FROM Andy Hayman
Islamist Terrorism: Eight Years Later Almost eight years to the day since September 11, three British Muslims were convicted this week of plotting to bomb seven airliners in flight over the Atlantic Ocean, an act that could have killed more people more dramatically than the events of 9/11. After the most expensive counterterrorism investigation in British history, the case indicates that Islamic extremists may now be a greater threat to the United Kingdom than they are to the United States. It raises other issues as well. Did US authorities jeopardize the investigation by blowing the whistle too soon? What’s the state of international cooperation on counterterrorism? And why are so many young British Muslims becoming radicalized? Is it a function of British society? What about the US war in Afghanistan?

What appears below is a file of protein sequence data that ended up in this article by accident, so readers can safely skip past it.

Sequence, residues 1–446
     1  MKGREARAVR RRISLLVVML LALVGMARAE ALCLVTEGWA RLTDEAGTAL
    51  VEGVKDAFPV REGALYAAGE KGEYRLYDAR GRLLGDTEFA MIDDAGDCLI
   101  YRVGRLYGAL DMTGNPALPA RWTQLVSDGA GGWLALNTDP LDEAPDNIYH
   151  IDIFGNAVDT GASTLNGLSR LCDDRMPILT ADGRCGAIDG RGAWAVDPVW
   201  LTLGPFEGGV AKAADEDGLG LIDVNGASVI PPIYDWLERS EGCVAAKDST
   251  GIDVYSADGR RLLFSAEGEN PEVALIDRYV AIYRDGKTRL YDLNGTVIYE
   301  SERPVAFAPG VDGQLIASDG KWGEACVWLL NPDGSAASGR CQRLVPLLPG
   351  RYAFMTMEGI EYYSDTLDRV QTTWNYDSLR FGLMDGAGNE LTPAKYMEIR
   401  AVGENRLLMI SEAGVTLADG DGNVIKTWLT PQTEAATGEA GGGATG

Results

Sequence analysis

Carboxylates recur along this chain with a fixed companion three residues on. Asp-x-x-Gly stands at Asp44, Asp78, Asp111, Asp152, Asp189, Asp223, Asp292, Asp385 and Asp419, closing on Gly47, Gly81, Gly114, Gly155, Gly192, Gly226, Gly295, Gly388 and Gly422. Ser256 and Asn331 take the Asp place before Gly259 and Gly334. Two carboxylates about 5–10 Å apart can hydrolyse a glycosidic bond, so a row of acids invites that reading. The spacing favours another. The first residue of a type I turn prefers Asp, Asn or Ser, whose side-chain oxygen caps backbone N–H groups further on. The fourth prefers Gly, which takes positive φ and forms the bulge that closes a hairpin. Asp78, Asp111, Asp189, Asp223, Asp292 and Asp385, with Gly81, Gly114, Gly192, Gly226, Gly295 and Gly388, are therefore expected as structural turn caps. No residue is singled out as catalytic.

Trump's new look at civil rights and global warming President Trump is reportedly ready to pull the US out of the Paris Agreement on Climate Change. We look at the possible consequences. On the second half of the program, we hear about cuts in Obama-Era civil rights programs called for by the Trump Administration's first budget plan.
Trump plays scolder-in-chief with NATO allies At the opening of NATO’s dramatic new headquarters in Brussels today, President Trump acknowledged that Article 5 — promising that “an attack on one nation is an attack on all” -- has only been invoked one time: in the aftermath of September 11. But the President failed to provide what 27 other Alliance members have been waiting for: a re-commitment by America’s new leader to Article 5. Instead, they got a scolding.